Adapted from Fleming and others (1993) and Brown and Laudick (2003)
The pre-Wisconsin surface represents the landscape upon which the late Wisconsin glacial sequences were deposited. As such, its configuration and geology have considerable bearing on the sedimentological characteristics, thickness, and geometry of overlying aquifers and confining units . In addition, a variety of sand and gravel units are present at or just below the surface, and are locally significant aquifers . The proximity of these units to the pre-Wisconsin surface determines the degree to which they may interact hydraulically with shallower aquifers, or may be directly affected by infiltration from the land surface. Hence, the configuration of the pre-Wisconsin surface also affects the sensitivity of these aquifers to contamination.
The pre-Wisconsin surface is a composite, polygenetic feature having considerable relief that complexly truncates all the pre-Wisconsin sequences described above (fig. 1). Consequently, the stratigraphy of materials directly below the surface is not straightforward, and the subjacent units range in age from latest Illinoian to pre-Illinoian . Furthermore, the age of the surface itself appears to vary geographically, and its configuration does not everywhere represent the weathering profile that evolved during the so-called "Sangamon" interglacial between the Illinoian and Wisconsin stages (fig. 2).
Part of a cross section from Brown and Laudick (2003), (verticle exaggeration: 50x) selected to illustrate the large amount of local relief on the pre-Wisconsin surface, denoted by the heavy red line. In this example, the paleosurface cuts across a variety of older units and paleosurfaces, including the bedrock. Countywide, the pre-Wisconsin surface exhibits more than 300 ft (91.4 m) of total relief — comparable to the modern landscape. This is not surprising, because it developed over tens of thousands of years, during which streams presumably incised major valleys into the interglacial landscape and left residual hills. The surface was subsequently modified to a considerable extent by late Wisconsin ice and meltwater, especially in the White River valley, where the cutout of older units is greatest.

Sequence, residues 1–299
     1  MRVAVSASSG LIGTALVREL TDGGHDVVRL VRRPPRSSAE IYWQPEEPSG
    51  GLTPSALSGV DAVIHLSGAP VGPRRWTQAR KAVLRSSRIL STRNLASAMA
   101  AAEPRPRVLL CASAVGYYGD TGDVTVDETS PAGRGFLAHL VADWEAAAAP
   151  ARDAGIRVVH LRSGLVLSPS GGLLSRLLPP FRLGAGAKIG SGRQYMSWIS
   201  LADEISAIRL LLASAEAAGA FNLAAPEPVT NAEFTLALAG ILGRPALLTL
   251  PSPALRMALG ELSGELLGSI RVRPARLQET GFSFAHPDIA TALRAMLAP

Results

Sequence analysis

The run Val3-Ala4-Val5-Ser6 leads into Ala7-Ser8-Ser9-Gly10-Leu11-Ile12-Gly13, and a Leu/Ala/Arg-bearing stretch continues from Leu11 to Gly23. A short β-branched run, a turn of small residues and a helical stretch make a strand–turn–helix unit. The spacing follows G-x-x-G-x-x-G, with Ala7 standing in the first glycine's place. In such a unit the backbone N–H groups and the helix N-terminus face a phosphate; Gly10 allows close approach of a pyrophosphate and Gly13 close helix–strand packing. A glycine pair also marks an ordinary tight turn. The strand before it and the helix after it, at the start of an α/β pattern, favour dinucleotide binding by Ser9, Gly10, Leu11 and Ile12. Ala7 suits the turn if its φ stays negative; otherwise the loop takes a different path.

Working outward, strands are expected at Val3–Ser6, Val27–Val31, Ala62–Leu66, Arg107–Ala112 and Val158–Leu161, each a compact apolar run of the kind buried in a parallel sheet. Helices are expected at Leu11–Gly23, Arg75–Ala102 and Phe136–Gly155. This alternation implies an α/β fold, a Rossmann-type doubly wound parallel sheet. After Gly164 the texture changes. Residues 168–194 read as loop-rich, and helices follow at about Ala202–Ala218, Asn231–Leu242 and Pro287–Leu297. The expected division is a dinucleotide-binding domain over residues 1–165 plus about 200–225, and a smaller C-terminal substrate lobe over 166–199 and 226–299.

Parts of the extensive buried "uplands" on the pre-Wisconsin surface in northern and eastern Marion County are capped by a pervasive, well-developed paleosol , and may indeed represent the true Sangamon paleosurface. In contrast, however, large parts of the pre-Wisconsin surface in central and southwestern Marion County appear to have been severely scoured by meltwater torrents during the initial advance of the late Wisconsin ice sheet. Parts of the surface were also extremely eroded when they were overridden by late Wisconsin ice. It is clear, therefore, that much of the truncation of older units across this surface took place just prior to or during Wisconsin glaciation, and that this truncation exposed units of widely differing ages along the pre-Wisconsin surface. For this reason, it is tenuous to interpret paleosols present along truncated areas of the surface as representing the "Sangamon" interglacial, when in fact they could, and often do, represent exhumed weathering horizons of widely disparate ages.